Abandoned Project: “You’re Smart for a Kid”

You’re Smart for a Kid


Click on the hyper-link above one time to show the link to the pdf then click on the full-link to access  the PDF.

This is a project that I did for a relationship coaching course.The title is ” ‘You’re Smart for a Kid: Unintentionally Condescending”. It explores a milder/more “benign” parallel to Gottman’s Contempt. Where person A does believe that they’re better than Person B in a certain respect but does NOT feel disgust towards the other person (Real or Perceived sense of superiority without disdain). It was supposed to be a 2-stage project where I would turn this document into a full-fledged essay for my Malcolm Gladwell’s Masterclass Writing course. But then I decided that I will switch to a more valuable for others/impactful topic even though the first topic strikes a chord with me in an immense way. (I’ plan to write about 80000hours.org ; I hope my 80000 hours masters will approve of my sacrifice). In any case, I felt the pressure of the sunk cost fallacy استخسرت المجهود so I thought I’d just share with you my project as it it even if I didn’t do stage 2. So if you fancy reading unfinished projects and have a super duper interest in MEEE and have a a lot of free time, you can give it a look. Feedback is appreciated! You can send to hashem.elassad@hotmail.com or ,if you prefer anonymously, at https://hitch84.sarahah.com/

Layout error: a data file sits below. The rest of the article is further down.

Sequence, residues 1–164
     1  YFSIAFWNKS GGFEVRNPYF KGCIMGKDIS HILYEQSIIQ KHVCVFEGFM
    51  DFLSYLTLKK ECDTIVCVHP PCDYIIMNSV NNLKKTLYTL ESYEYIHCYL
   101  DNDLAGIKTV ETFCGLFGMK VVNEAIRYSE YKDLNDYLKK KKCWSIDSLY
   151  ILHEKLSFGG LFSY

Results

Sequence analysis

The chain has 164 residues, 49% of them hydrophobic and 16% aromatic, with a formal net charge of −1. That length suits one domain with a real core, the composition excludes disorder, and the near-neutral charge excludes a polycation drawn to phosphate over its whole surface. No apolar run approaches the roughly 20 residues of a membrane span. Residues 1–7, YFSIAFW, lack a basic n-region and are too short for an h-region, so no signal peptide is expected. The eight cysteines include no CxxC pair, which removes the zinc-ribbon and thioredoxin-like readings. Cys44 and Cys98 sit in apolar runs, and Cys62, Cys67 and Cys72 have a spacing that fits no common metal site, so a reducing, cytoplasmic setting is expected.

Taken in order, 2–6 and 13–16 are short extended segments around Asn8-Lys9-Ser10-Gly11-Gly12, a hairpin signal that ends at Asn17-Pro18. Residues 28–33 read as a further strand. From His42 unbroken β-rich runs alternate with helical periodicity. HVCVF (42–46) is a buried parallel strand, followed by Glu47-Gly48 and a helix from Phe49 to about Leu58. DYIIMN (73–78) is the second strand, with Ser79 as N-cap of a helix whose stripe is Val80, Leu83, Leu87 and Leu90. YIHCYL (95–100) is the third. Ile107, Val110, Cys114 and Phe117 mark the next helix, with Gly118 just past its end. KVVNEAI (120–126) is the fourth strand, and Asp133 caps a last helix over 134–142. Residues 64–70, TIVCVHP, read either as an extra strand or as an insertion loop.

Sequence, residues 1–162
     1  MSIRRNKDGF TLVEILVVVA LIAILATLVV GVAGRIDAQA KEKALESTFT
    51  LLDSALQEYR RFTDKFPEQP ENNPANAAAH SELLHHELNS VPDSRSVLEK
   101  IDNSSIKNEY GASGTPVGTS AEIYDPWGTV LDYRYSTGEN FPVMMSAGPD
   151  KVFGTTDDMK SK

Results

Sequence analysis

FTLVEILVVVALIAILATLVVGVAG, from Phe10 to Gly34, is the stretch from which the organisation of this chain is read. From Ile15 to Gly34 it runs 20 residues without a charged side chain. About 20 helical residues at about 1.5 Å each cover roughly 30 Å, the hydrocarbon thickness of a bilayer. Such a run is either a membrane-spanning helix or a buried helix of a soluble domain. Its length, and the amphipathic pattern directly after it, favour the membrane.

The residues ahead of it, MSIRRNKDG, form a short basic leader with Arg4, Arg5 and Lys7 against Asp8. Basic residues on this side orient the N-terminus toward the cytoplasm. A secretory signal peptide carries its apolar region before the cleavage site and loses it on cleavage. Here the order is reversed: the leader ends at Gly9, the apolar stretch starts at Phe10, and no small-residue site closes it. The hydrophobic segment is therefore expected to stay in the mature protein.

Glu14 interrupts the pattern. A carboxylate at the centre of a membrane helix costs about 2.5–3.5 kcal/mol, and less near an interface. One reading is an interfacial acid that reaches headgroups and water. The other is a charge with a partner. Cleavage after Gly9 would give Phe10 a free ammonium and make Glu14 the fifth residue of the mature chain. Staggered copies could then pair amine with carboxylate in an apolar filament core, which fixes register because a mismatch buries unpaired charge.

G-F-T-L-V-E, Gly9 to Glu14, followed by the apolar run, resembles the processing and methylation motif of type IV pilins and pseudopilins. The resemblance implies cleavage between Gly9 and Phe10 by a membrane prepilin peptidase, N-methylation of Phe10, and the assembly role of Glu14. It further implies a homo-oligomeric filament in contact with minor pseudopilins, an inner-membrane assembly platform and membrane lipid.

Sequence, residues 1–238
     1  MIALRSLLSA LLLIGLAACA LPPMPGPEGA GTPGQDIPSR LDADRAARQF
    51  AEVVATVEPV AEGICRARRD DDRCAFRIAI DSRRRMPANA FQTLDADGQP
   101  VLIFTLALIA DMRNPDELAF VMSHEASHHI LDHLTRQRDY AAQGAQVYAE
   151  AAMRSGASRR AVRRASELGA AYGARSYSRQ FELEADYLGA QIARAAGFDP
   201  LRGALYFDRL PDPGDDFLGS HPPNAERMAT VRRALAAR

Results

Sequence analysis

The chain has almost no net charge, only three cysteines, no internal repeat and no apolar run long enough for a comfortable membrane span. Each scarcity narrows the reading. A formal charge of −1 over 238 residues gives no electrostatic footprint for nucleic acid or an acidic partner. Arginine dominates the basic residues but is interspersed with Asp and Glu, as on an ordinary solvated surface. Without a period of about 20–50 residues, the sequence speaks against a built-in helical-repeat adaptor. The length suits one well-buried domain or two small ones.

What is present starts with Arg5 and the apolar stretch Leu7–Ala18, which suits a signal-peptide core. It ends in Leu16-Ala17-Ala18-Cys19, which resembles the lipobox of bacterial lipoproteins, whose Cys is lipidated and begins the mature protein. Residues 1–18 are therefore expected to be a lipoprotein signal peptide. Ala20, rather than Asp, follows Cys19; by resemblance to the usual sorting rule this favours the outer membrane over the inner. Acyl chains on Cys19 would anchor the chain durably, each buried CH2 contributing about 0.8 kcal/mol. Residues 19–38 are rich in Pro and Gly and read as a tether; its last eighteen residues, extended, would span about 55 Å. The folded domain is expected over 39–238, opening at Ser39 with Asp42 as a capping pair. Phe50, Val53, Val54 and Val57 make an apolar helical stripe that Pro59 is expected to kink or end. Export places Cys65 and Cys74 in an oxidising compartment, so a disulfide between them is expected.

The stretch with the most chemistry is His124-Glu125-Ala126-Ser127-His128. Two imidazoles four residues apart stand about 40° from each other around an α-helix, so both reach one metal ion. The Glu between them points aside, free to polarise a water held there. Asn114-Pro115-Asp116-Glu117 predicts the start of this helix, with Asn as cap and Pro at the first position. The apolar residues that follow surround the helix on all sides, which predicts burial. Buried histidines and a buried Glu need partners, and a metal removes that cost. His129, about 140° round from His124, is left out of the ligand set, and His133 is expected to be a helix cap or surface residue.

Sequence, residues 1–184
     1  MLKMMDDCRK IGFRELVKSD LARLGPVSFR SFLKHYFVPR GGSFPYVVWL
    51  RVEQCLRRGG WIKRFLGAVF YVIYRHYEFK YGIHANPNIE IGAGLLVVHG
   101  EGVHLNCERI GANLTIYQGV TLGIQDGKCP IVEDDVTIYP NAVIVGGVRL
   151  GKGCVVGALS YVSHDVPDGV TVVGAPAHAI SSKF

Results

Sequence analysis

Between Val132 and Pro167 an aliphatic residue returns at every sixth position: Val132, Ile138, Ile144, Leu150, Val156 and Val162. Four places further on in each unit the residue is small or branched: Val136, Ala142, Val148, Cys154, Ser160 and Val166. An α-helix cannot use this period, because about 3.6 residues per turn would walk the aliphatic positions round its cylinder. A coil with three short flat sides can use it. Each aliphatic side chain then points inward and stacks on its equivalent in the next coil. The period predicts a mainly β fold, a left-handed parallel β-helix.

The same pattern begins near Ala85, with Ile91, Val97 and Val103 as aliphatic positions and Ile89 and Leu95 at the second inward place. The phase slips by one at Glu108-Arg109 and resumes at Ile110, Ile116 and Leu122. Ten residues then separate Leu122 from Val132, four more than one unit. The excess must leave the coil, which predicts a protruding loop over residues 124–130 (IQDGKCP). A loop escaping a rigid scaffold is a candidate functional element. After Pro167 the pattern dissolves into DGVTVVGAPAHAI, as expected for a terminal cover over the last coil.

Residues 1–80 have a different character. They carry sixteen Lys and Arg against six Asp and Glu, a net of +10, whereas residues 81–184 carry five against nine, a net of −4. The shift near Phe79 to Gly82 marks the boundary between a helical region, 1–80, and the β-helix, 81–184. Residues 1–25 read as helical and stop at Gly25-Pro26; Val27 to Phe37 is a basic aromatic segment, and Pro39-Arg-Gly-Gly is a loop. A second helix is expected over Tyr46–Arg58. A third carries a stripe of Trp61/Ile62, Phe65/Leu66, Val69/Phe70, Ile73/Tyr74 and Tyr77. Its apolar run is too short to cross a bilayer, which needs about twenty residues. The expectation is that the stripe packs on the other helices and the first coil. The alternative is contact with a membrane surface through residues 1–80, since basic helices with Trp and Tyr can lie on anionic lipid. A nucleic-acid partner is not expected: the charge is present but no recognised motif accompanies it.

When Self-Defense Becomes Laughable: The Paradox of Self-Confidence

Disclaimer: This is an impressionistic personal self-reflection type of piece. It is not intended to be an well-researched academic one.

There is something quite liberating about being brutally honest with oneself and admitting my ignorance, weaknesses and mistakes. I feel sorry for those who are extremely defensive that that they have to convince themselves and others they’re right 24/7.

!عداهم العيب

What a nightmare! We’re already overwhelmed by the clutter-storm of tasks and duties in life, they took it upon themselves to add to-do-list and impossible feat: defending the indefensible: “Prove that you’re right to yourself and others every time all the time)”.